A World in Isolation Project

Earlier this year, I learned about a project where two people each shoot one roll of film. It was all put together by some very clever person or people at aworldinisolation.com. The person I got connected with agreed that each of us would shoot a roll and send to the other. He shot black and white and sent to me, I shot colour and sent to him.

Because he’s in the US, it took a while for it to get through the postal system, but it finally arrived, and I shot a roll over his pictures.

And I screwed up a bit. I thought I was shooting in aperture priority for most of this roll. Turns out my aperture was basically closed, as I had not moved it over into the lock position. So a bunch of the pics from the roll of 26 were not double exposed. I feel awful about that. I also have a pit in my stomach thinking about the last two rolls I shot, wondering if they were also not exposed. But I’ll face that disappointment when it comes.

For now, here are the shots that did get exposed by both of us. I think there are some absolutely lovely shots in here. Enjoy.

Spring Shots | Canon A1 | Ektar 100

Around the middle of March I tried to find a good place to shoot the new Champlain bridge on the island side, but wasn’t able to find a spot. So I ended up walking around near the base of the bridge and took some shots there.

I really appreciate the incredibly full colour that one gets with Ektar 100. It’s a little bit expensive, but as you can see from these shots, it’s worthwhile.

A Hard Lesson in Patience | Park Life

Yesterday I spent the day in Parc Laurier. Hung out with a friend, got some nice shots of him. I got what I assumed were going to be great shots of some fellas playing petanque. Got a little of that park life.

And then I fucked up when I developed the film.

Putting 120 film on a developing reel inside of a darkroom bag while you can’t see what’s happening is easily the thing that tries my patience the most in my life. Getting it started can take anywhere from 7 seconds to 45 minutes. I can do it outside of the bag in seconds. When it’s inside the bag and I can’t see what’s happening, it’s a whole other story.

I did manage to get it start quite easily this morning, but it did not feel quite right. I thought, ah screw it, it’s good and just got it all wound up and in the tank.

And that was a mistake.

Only two pictures came out of that roll. The rest must have been crammed together somehow, and there was only a top part of an image for each of them. What I’m left with are these two unremarkable pictures that tell the story of how great the others would have looked. I used HC-110 dillution B for six minutes, agitating the TriX 400 roll only once a minute. I see the possibilities here, so I’ll wait for another cloudy day and hope I can capture some equally interesting moments.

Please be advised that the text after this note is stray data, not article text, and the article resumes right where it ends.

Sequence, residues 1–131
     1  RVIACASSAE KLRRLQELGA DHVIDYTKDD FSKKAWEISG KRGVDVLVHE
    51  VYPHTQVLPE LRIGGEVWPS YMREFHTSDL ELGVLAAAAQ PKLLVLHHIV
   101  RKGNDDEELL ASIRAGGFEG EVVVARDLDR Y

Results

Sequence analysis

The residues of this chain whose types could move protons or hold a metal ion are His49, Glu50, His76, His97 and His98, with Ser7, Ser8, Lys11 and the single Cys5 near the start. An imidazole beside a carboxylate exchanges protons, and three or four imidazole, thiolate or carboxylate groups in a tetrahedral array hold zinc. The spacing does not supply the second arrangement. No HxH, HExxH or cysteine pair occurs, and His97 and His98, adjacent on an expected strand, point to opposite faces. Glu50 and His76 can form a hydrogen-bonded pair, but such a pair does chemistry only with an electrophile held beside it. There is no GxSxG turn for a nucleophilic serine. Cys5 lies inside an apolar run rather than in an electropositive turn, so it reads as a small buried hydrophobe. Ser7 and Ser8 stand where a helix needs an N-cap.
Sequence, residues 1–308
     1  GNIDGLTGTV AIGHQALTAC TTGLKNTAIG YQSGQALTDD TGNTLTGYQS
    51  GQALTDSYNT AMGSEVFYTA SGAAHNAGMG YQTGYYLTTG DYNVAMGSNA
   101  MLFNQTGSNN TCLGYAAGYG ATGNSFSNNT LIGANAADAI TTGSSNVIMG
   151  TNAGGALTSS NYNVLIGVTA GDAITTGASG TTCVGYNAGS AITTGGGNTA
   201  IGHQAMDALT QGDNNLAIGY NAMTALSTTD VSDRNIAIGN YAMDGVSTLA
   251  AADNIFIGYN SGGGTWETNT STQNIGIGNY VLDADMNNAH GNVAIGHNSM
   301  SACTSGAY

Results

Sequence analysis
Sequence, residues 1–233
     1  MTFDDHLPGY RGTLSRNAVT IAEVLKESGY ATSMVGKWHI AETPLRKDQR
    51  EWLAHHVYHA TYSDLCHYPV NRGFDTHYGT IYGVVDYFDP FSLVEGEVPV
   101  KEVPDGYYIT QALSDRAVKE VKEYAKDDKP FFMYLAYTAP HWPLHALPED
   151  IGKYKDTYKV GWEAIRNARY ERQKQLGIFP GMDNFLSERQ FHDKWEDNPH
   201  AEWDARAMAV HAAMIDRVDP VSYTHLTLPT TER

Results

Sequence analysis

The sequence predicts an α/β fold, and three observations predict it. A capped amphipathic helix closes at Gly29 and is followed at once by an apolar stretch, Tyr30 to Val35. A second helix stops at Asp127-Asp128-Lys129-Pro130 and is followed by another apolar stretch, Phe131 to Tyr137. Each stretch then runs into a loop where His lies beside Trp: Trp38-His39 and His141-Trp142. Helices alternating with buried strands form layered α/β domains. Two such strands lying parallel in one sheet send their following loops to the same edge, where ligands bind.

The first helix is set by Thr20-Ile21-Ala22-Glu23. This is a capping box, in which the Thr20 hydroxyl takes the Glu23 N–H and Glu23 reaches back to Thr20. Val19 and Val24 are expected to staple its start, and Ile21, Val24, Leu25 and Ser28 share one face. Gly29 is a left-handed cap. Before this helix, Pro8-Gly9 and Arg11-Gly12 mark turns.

Mile End Fire + Ultramar | Canon A-1 | Kodax Ultramax 400

This is the first roll I shot on my Canon A-1 and I’ve just now gotten around to developing it. I’m disappointed by the fire truck and EMT shots. I should have squeezed the aperture down lower, but I was afraid I’d miss the reds and yellows in the trucks.

They’re not fantastic shots, but a lot to be learned from them. I do like the Ultramar shots and the billboard. That Ultramax 400 seems to be a good choice for nighttime shots of high-contrast subjects.

Tiny Dancers | Mamiya M645 1000s | Kodak Ektar 100

It still amazes me that I’m able to have a photographic idea, set it up, put it into action, and then see that idea come to fruition all in the space of a few short hours. Being able to develop at home gives me that means to find out whether I’m right or wrong almost immediately.

That means that I can then take what I’ve learned from the first session and apply it to the next.

For this one, the concept was simple, the execution inelegant—but in the end, more effective than I’d hoped.

I keep seeing these photo background boxes pop up in eBay. The ones that people who photograph products might use as backgrounds, generally with a white or black inside. The idea was that I’d build one of these boxes, and photograph this small statue that I’ve been wanting to take pictures of for a while.

I’d intended to shoot it in black and white to try to force the contrast between the two ‘dancers,’ but I have been wanting to shoot some color in medium format for a while, and when my “solution” presented itself, I jumped at the opportunity.

All I had on hand was either large or small boxes, and some sheets of construction paper the would fit in neither one very well. Not necessarily out of frustration, but rather desperation, I stuffed a sheet into the small box, and then a couple of others to fill in all the corners, and came up with the backdrop you see here.

Instead of searching for perfect lines, I quite liked the way the background was imperfect—to me it looked like shooting dancers in front of some intentionally skewed lines in an art gallery or a city hall.

I set up the box on my kitchen counter, aimed one of my studio lights at it (from a couple of different angles), got my camera as close as I could, and played around with placement.

I measured the light but misinterpreted the measurements on the first few shots. I also added a little fat Buddha for another look, but the main intention was to get the dancers to look as interesting as possible.

There’s an interesting point between overexposed and underexposed where it seems to give the game away. It gets a little too real. The best shots, in my opinion, were slightly underexposed and brought out more of the background colour and less of the background definition. They’re all a bit interesting in their own way.

Judge for yourself below.